Zimbabwe managed to significantly cut its trade deficit towards the end of 2021 after it registered an increase in the value of its exports and a decrease in the value of its imports.
According to the Zimbabwe National Statistical Agency (Zimstat), the trade deficit went down from 177 million in October to 36 million U.S. dollars in November on the back of a 20.93 percent rise in exports and a 4.07 percent decrease in imports.
A narrowing of the trade deficit means Zimbabwe was able to retain a sizable amount of physical U.S. dollar bills in the economy.
The major contributors to the rise in exports were food and beverages and transport equipment which were valued at 19.7 million and 2.84 million U.S. dollars, respectively.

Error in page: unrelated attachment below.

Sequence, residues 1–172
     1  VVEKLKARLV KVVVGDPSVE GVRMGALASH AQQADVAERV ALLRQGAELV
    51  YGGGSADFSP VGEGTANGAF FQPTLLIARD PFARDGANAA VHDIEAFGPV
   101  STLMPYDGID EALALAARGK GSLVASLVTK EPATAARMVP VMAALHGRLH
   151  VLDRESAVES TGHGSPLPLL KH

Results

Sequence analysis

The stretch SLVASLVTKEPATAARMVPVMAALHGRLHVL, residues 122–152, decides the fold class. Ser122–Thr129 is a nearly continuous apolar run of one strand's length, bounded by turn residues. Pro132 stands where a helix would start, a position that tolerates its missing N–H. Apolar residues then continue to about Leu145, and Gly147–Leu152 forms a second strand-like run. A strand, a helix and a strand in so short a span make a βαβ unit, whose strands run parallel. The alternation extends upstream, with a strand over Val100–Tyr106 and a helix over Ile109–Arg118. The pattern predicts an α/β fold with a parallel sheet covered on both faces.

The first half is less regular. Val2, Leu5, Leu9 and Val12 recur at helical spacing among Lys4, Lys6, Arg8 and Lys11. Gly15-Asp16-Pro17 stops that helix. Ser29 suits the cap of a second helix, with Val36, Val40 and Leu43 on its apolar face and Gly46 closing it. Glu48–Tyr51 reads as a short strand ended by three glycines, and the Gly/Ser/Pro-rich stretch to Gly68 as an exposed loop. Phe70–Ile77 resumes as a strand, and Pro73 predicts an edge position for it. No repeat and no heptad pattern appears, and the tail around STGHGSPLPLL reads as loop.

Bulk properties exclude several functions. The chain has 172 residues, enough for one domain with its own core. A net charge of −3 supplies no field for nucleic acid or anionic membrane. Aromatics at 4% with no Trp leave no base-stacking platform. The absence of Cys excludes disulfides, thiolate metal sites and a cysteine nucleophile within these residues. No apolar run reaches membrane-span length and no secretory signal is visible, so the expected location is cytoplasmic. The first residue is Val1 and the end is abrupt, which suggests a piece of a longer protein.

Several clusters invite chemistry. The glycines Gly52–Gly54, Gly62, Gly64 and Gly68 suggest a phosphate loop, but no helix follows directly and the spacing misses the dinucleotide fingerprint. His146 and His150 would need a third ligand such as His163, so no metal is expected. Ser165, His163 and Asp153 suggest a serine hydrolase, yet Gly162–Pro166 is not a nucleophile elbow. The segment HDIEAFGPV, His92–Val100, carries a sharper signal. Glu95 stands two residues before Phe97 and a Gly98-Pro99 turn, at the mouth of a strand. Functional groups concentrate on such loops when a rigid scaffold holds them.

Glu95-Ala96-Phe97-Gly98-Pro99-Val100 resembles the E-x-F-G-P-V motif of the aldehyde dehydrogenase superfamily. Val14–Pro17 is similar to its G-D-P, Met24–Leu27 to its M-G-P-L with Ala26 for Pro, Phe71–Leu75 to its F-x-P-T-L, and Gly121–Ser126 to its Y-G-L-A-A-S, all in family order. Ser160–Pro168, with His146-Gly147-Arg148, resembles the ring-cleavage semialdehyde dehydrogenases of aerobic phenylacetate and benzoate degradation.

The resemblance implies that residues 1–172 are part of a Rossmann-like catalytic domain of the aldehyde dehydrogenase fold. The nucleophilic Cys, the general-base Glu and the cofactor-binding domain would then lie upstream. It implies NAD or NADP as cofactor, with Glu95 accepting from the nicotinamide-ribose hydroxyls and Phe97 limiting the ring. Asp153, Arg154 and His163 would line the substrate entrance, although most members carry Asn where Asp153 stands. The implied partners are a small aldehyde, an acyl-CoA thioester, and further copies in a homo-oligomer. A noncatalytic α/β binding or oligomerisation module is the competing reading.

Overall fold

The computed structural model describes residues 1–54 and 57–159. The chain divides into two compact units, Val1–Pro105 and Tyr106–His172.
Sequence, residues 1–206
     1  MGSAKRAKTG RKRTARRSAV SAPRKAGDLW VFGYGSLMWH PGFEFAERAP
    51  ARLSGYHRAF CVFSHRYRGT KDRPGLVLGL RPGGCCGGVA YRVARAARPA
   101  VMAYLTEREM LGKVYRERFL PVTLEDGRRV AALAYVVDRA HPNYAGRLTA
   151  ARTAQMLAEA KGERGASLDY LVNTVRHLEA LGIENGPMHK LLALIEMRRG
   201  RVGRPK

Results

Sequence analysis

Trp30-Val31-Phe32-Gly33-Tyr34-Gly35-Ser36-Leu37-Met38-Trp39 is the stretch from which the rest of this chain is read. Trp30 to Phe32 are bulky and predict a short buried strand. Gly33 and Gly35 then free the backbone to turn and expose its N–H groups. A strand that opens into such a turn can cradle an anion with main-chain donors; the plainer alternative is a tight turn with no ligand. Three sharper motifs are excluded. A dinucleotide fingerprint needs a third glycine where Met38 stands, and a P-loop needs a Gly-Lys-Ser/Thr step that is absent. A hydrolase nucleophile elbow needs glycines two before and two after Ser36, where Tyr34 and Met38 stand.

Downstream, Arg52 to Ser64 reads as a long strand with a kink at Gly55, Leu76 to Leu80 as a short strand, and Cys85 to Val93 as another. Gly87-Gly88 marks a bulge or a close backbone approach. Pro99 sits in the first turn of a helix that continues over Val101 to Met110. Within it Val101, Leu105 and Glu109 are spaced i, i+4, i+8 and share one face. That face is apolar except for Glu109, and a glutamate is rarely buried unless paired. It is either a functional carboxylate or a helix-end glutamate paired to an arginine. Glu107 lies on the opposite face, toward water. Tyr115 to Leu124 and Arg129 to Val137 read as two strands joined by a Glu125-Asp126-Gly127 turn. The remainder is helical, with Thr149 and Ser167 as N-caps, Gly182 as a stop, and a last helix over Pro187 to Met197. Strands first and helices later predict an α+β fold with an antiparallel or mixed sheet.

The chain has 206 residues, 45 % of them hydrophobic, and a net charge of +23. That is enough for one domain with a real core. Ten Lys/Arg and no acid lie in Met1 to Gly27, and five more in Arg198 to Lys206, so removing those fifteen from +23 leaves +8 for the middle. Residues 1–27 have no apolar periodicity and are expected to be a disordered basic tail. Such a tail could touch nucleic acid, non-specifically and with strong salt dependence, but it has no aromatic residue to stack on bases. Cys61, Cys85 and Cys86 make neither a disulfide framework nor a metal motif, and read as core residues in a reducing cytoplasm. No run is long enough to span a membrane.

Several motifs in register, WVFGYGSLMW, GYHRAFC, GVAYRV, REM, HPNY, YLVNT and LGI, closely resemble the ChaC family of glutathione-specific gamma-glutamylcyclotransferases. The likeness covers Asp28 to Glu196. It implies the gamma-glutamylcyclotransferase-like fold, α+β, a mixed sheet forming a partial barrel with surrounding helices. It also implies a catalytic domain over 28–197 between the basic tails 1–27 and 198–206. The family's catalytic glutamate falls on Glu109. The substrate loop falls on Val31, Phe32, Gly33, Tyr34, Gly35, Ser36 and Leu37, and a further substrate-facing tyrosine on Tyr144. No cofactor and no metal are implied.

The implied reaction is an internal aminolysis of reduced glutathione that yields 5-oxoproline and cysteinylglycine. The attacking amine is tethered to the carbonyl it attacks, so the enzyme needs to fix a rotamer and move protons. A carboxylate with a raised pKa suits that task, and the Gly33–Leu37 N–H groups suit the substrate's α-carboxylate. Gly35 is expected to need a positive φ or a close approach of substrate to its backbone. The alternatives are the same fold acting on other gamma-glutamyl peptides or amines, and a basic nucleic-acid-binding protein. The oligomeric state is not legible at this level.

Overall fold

The leading export commodity over the course of this period was semi-manufactured gold which accounted for almost a third (32.8 percent) of total exports, followed by nickel, mattes, ores and concentrates which accounted for 29.8 percent and then tobacco at 13.1 percent.
On the other hand, the southern African country’s leading imports were fuels at 16.1 percent, machinery at 14.5 percent and vehicles at 7.7 percent.
The news is a boost for the administration of President Emmerson Mnangagwa who in July 2018 had pledged to end long-running currency shortages and revive a struggling economy.